A central Vietnamese specialty, you can find the best cao lau in Hoi An. This delicious bowlful of thick rice-flour noodles, pork-rind croutons, and bean sprouts in a light soup flavored with fragrant herbs like mint and star anise. Cao lau is usually topped off with thin pork slices and garnished with grilled rice-flour crackers or crispy rice paper. This traditional Vietnamese food is typically served with a local salad and green beans. A local legend surrounding the dish is that authentic cao lau is cooked with water drawn from one specific local. This is why Hoi An is the best place to enjoy it.

Source: Bon Appetit

So now that you know the most mouthwatering Vietnamese dishes, it’s time you indulge your inner foodie and try out the best flavors of Vietnam, from Saigon to Hanoi.

Tips for Traveling to Vietnam

1. Travel Insurance is a Must

Travel insurance is a must when visiting any country, and Vietnam is no exception.

While Vietnam is a relatively safe country to visit, you should be prepared for unforeseen circumstances – and not just petty theft. Food poisoning, getting hurt during an activity (or the insane traffic), losing your valuables, or even missing a fight at just some of the things that can really ruin your Vietnam trip.

The fact is you never know what could happen. In a few clicks, you can tailor your policy to your trip and budget, and you get comprehensive coverage – win-win!

Keeping the Air Doctor app handy is also a must.

2. Don’t Forget Visa Arrangements

Unlike other countries in Southeast Asia, like Thailand and Cambodia, most visitors can’t just arrive in Vietnam and get stamped into the country, and you’ll need a visa before you leave.

Thankfully it’s a relatively straightforward, online process. Don’t go through a travel agency – many sites are scams. Just head to the official website, select the visa you want (ie. single-entry), fill in the forms, pay, and wait for a few days and you’ll get your eVisa!

3. Learn Some Key Vietnamese Phrases

Vietnamese is the official language in Vietnam, although English is spoken in more touristy areas. You probably won’t run into language barriers in bigger cities, but you should know some of the basics:

  • Hello– Xin chào
  • Goodbye– Tạm biệt
  • Thank you– Cám ơn
  • Sorry – Xin Loi 
  • Please – Làm ơn
  • Yes– Dạ
  • No – Không
  • How much is it? – Cái này giá bao nhiêu?
  • Please help me – Làm ơn giúp tôi
  • Where is the bathroom? – Nhà vệ sinh ở đâu


4. Cash is King

Make sure you carry enough cash with you – especially if you’re visiting markets or low-key restaurants. Most hotels, tour operators, and more upmarket restaurants do accept cards.

If you run out of cash, there’ll be plenty of ATMs to withdraw from, but keep in mind that not all banks accept foreign cards – so you’re better off heading to a bigger branch like HSBC and Citi Bank – which accept Visa and Mastercard.

If you do use a local ATM – make sure you withdraw large amounts to avoid hefty bank charges. Once you’ve got your cash, be street-smart and don’t carry all the money around with you every day.

5. Know How To Get Around (Flying is Best)

Vietnam is one of the cheapest countries in Asia to visit and getting around is easy and affordable. From trains to buses, Vietnam has an extensive and efficient transport network that can connect you to every corner.

But flying is cheap and much quicker than opting for sleeper buses and overnight trains – Vietjet is the country’s top low-cost airline.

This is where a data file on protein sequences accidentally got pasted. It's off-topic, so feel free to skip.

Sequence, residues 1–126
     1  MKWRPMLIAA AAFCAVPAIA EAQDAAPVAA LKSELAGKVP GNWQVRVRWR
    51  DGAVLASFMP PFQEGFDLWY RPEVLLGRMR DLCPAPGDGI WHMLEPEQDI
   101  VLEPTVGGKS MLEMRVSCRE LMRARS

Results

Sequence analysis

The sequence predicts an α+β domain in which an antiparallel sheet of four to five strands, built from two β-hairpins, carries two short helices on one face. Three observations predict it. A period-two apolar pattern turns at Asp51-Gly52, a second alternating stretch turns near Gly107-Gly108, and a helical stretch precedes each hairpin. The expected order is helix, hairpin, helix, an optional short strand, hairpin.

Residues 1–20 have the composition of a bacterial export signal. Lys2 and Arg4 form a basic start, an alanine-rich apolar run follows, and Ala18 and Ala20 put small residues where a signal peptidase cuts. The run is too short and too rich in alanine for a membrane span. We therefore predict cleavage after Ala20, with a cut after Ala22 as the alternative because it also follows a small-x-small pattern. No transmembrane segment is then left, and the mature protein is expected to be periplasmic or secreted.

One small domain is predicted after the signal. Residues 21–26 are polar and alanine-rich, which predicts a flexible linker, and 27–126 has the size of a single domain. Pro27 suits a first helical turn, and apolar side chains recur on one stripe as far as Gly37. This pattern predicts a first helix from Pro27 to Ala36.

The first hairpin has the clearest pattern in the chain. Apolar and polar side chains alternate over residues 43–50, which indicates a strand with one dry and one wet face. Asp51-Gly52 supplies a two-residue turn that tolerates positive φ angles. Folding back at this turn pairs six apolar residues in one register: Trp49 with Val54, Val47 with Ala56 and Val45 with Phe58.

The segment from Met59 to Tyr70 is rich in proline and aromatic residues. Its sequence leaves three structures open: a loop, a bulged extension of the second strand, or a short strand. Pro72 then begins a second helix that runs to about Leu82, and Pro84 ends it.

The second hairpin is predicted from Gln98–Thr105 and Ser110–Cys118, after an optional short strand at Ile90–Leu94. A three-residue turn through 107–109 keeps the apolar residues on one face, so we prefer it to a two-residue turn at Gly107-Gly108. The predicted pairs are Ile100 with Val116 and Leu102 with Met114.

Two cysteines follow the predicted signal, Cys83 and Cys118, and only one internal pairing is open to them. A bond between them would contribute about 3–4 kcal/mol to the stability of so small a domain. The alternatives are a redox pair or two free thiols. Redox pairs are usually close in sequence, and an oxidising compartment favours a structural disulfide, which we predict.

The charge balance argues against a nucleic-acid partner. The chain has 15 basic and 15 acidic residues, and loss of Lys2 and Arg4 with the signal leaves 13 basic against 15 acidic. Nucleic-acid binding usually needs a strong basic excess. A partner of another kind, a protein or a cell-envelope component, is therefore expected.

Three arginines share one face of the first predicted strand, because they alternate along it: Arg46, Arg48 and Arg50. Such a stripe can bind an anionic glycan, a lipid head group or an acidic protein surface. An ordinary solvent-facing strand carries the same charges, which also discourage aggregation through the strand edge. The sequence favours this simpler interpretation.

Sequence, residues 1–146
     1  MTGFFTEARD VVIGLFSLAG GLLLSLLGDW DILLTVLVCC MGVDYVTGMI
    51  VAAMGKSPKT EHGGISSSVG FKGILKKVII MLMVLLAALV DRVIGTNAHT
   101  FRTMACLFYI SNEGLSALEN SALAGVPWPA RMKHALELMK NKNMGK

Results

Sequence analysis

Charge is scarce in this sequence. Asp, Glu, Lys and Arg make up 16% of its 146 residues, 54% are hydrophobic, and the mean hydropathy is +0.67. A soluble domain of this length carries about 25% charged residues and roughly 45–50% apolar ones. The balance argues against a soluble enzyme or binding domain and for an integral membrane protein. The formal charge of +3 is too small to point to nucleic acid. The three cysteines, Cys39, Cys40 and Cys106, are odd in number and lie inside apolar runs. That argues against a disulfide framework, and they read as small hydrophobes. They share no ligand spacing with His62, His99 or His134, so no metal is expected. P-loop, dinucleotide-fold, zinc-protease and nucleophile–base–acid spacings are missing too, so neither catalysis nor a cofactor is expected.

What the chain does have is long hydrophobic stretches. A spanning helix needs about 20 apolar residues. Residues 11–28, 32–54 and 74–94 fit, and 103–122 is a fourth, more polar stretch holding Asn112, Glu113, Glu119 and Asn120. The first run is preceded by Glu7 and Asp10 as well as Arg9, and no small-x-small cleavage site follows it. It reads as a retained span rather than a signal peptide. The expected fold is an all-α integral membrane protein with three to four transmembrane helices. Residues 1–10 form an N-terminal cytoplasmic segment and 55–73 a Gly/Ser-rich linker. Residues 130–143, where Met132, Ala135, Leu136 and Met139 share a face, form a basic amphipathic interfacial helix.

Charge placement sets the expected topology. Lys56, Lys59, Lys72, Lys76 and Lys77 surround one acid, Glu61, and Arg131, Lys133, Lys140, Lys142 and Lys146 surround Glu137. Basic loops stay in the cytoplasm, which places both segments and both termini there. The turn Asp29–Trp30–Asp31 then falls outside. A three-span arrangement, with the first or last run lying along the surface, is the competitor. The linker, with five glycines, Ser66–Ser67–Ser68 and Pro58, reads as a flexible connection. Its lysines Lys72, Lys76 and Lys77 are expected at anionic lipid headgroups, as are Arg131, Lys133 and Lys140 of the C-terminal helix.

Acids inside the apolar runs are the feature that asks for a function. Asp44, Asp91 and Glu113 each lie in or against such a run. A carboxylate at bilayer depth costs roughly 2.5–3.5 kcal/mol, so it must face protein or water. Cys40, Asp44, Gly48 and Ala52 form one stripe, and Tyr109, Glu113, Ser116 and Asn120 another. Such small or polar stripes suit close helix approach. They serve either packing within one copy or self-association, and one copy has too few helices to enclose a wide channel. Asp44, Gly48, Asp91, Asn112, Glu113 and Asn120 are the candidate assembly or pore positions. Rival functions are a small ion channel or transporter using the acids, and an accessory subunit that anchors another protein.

Traveling to Vietnam

6. Use Grab Taxi Instead of Uber

Most cities are surprisingly walkable, but it’s also good to know about other options for getting from point A to B – especially when your feet need a break. So, while you can use taxis (beware of scam drivers), local buses, bicycle rickshaws, and even motorbike taxis, Grab Taxi is possibly the best.

This is a popular ride-share service, like Uber, where you book a ride using their app. You will also know exactly how much your ride will cost and how long it will take to get to your destination.

7. Always Wear a Helmet

If you want to be a law-abiding tourist, and you’re thinking of grabbing a motorbike ride to your next destination, make sure you’ve got a helmet on.

An estimated 15,000 fatalities and 500,000 injuries have been prevented in the 10 years since the law was put in place.

8. Look Both Ways Before Crossing the Street

Traffic in Vietnam is world-famous for being totally insane. And road signals and pedestrian crossing zones aren’t given much notice.

It would do you good to make sure you look both ways before crossing the street. Just start walking confidently when you see a break in traffic and hope the cars and motorbikes will weave around you.

9. Prepare for Weather Accordingly

Whether you’re headed to the south, central, or northern Vietnam, you can expect heat and humidity. Vietnam’s climate is considered to be mild tropical and subtropical.

You can expect rain in the summer and autumn months – from July to November. And in the north, temperatures drop during winter months (December – February), with occasional snow in the mountainous regions around Sapa.

But central Vietnam is generally warm all year round. So make sure you check the weather in every city you’re planning to visit so you can plan and pack accordingly.

10. Get a Sim Card

Even in remote areas of Vietnam, like Sapa and Ninh Binh, the Wi-Fi signal is strong. And if you’ve got a phone that’s unlocked, you can pick up a Vietnamese sim card and get 60 gigs of data for around ($7 USD). The 4G service works great almost everywhere.


Jenny Cohen Drefler

Jenny Cohen Derfler

Air Dr CEO & Co-Founder

Jenny is the CEO and one of the Co-Founders at Air Doctor. She spent more than 20 years at Intel, most recently as general manager of its manufacturing facility in Israel and before that in various engineering and manufacturing roles in Silicon Valley. Air Doctor is her second startup having previously founded electric vehicle company ElectRoad.